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Date Permissions Signed

7-22-2011

Date of Award

2011

Document Type

Masters Thesis

Degree Name

Master of Arts (MA)

Department

Anthropology

First Advisor

Mosher, M. J. (Anthropologist)

Second Advisor

Stevenson, Joan C.

Third Advisor

Everson, Phillip Mark

Abstract

Celiac Disease (CD), gluten allergy (GA), and non-celiac gluten sensitivity (NCGS) represent a highly varied disease grouping that affects individuals to varying degrees in response to the ingestion of certain cereal proteins (wheat, barley, rye, and sometimes oats). Generally, epidemiologic data on food allergy and intolerance is severely lacking; given current trends of under-diagnosis, prevalence of overt CD alone is estimated at 1-2% of European populations. There is a large and growing body of scientific literature that ascribes the complexity of various gluten-sensitive symptomology to multiple developmental pathways. This complexity translates largely in to delayed clinical diagnosis by medical professionals. Furthermore, public awareness of glutenaverse reactions as a serious medical condition remains low; there likely exists a sizable amount of the population that displays symptoms but does not pursue a gluten free diet due to a lack of knowledge. These delayed diagnoses result in an extremely decreased quality of life for those affected and for those with undiagnosed CD, there exists an increased risk for the development of refractory celiac with fatal Tcell lymphoma. The goal here is two-fold: (1) to conduct an epidemiologic pilot survey geared toward the characterization of contemporary paths to diagnosis of a small sample of individuals with CD, NCGS and GA and (2) to use the results of this survey to make suggestions for decreasing time to diagnosis for this widespread contemporary health issue.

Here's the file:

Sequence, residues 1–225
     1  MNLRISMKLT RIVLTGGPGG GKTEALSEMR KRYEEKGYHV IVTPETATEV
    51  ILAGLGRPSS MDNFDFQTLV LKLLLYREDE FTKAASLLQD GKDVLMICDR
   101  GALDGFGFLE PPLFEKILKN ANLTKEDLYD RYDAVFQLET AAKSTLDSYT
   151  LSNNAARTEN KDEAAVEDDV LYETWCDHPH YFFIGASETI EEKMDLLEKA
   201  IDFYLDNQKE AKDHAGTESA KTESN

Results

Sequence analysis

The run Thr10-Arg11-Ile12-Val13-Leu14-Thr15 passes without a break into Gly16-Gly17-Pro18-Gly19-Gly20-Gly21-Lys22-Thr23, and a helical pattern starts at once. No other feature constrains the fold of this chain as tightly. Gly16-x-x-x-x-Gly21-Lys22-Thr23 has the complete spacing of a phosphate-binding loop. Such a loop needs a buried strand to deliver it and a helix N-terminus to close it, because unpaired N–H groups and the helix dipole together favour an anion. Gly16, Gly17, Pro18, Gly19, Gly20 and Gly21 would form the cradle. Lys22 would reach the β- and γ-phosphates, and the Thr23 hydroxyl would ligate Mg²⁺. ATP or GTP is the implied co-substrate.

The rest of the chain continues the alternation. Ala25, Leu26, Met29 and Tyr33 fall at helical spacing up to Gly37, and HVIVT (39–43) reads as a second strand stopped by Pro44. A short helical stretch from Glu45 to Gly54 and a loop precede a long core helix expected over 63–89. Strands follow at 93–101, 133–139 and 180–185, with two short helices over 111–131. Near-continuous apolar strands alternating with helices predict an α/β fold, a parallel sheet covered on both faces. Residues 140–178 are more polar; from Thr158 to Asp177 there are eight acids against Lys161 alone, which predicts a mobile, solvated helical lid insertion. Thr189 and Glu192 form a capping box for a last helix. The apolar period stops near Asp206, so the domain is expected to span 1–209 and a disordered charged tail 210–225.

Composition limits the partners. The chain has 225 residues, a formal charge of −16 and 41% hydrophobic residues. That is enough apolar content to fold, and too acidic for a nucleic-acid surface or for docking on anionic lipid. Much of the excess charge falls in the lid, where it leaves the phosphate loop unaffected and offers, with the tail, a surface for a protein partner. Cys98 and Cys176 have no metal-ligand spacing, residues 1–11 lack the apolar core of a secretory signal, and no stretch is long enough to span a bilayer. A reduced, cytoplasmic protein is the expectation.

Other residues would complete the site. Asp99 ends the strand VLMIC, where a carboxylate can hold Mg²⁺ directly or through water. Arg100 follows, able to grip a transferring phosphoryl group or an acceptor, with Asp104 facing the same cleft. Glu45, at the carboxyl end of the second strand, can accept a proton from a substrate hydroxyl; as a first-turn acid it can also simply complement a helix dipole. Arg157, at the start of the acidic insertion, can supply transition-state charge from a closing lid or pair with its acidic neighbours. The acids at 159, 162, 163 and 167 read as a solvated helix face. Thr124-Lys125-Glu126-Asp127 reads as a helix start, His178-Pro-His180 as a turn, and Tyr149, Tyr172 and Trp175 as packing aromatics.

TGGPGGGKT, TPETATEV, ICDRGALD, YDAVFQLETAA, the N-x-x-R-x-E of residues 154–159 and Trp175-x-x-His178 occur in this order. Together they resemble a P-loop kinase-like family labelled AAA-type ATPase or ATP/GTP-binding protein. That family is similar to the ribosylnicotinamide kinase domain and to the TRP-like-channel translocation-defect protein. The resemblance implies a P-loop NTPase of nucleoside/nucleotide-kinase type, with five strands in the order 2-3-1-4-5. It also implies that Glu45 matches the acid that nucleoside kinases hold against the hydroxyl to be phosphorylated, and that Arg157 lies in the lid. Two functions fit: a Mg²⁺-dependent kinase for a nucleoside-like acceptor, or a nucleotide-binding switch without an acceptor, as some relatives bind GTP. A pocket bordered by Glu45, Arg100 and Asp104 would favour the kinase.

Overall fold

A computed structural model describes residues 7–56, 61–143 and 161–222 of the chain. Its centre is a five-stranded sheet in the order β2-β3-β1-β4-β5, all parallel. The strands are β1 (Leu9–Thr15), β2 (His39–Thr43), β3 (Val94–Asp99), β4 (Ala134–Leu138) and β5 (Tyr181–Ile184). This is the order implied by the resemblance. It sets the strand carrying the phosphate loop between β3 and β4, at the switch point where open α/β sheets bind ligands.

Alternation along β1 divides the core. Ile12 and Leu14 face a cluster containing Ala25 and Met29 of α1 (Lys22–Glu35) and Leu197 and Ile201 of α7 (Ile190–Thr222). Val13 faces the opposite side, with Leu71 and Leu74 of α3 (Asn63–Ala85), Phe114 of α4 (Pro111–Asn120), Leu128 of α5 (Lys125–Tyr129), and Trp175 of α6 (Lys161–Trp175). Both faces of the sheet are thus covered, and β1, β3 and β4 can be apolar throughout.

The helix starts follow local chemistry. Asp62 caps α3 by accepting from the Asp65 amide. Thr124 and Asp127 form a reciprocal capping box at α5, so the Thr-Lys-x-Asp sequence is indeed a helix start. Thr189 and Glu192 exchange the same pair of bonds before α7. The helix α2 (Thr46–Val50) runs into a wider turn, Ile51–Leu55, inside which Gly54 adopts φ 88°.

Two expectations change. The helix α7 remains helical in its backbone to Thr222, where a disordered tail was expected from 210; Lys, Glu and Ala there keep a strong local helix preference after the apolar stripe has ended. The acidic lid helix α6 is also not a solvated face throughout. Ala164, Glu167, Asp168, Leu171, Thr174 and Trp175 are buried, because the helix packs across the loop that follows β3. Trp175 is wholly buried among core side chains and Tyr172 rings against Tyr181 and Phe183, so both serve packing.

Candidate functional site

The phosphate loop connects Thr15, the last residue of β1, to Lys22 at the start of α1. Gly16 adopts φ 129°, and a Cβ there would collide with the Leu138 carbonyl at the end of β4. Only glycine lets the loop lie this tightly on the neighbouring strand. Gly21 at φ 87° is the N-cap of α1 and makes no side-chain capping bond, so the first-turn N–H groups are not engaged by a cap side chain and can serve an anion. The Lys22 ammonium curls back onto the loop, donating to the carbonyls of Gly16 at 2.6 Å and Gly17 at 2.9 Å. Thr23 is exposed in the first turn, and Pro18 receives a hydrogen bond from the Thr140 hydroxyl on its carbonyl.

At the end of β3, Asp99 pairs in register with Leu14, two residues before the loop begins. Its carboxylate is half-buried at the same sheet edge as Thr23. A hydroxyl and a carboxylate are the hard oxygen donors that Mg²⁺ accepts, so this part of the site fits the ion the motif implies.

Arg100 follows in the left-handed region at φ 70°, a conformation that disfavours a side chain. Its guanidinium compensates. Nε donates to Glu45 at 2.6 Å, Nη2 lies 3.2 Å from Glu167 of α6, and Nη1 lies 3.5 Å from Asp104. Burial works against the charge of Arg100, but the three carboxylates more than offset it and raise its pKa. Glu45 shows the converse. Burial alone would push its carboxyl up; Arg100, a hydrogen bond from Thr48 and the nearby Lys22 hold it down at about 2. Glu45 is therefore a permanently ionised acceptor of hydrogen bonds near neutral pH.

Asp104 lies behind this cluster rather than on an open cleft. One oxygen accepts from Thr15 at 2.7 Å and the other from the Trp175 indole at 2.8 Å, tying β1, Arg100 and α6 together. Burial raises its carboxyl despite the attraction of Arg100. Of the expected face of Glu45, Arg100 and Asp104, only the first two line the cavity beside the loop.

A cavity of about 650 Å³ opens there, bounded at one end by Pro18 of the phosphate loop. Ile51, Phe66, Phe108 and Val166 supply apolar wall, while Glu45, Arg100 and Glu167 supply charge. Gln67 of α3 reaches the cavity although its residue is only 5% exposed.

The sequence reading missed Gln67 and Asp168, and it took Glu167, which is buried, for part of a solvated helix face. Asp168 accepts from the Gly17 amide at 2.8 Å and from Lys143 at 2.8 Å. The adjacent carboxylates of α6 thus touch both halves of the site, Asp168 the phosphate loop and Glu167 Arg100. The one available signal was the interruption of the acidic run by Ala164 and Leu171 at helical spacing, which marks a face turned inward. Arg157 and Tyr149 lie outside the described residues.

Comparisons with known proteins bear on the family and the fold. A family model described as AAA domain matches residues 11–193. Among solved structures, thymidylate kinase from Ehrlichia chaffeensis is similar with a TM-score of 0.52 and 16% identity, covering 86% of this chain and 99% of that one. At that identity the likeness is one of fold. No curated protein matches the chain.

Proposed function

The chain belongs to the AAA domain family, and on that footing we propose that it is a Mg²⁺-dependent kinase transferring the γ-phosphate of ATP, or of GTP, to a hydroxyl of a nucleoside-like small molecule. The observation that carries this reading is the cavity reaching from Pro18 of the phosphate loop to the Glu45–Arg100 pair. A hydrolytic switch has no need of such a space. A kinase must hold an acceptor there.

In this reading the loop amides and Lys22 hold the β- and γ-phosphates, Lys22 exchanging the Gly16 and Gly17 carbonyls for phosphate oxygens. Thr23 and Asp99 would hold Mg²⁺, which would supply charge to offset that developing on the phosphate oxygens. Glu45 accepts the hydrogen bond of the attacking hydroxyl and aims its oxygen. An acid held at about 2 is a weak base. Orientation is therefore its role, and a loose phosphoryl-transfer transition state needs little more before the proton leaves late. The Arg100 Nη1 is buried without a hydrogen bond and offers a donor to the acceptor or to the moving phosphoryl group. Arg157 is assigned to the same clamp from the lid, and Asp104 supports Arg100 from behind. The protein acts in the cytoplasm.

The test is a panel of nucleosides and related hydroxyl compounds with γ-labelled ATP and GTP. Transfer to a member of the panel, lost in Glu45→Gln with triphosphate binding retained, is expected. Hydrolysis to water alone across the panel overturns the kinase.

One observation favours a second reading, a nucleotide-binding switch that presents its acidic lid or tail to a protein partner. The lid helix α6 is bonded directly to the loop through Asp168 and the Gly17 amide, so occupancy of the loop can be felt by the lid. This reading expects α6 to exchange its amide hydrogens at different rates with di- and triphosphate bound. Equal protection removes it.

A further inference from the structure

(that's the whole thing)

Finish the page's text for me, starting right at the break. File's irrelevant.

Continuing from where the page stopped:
Type

Text

Publisher

Western Washington University

OCLC Number

770394449

Digital Format

application/pdf

Genre/Form

Academic theses

Language

English

Rights

Copying of this thesis in whole or in part is allowable only for scholarly purposes. It is understood, however, that any copying or publication of this thesis for commercial purposes, or for financial gain, shall not be allowed without the author's written permission.

Included in

Anthropology Commons

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